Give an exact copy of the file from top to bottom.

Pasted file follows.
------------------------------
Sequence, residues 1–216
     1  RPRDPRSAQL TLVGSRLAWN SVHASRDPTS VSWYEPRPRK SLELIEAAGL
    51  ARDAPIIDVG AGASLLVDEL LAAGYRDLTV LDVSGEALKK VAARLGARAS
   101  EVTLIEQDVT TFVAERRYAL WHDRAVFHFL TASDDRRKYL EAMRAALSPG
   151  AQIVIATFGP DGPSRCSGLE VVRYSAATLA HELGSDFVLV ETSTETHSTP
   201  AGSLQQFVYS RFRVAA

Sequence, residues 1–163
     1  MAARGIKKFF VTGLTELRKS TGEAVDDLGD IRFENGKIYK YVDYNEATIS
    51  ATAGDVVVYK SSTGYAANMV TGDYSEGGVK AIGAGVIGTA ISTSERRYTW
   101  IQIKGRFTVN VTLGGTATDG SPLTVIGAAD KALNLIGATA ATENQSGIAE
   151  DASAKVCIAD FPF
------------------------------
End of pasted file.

Sequence, residues 1–216
     1  RPRDPRSAQL TLVGSRLAWN SVHASRDPTS VSWYEPRPRK SLELIEAAGL
    51  ARDAPIIDVG AGASLLVDEL LAAGYRDLTV LDVSGEALKK VAARLGARAS
   101  EVTLIEQDVT TFVAERRYAL WHDRAVFHFL TASDDRRKYL EAMRAALSPG
   151  AQIVIATFGP DGPSRCSGLE VVRYSAATLA HELGSDFVLV ETSTETHSTP
   201  AGSLQQFVYS RFRVAA

Sequence, residues 1–163
     1  MAARGIKKFF VTGLTELRKS TGEAVDDLGD IRFENGKIYK YVDYNEATIS
    51  ATAGDVVVYK SSTGYAANMV TGDYSEGGVK AIGAGVIGTA ISTSERRYTW
   101  IQIKGRFTVN VTLGGTATDG SPLTVIGAAD KALNLIGATA ATENQSGIAE
   151  DASAKVCIAD FPF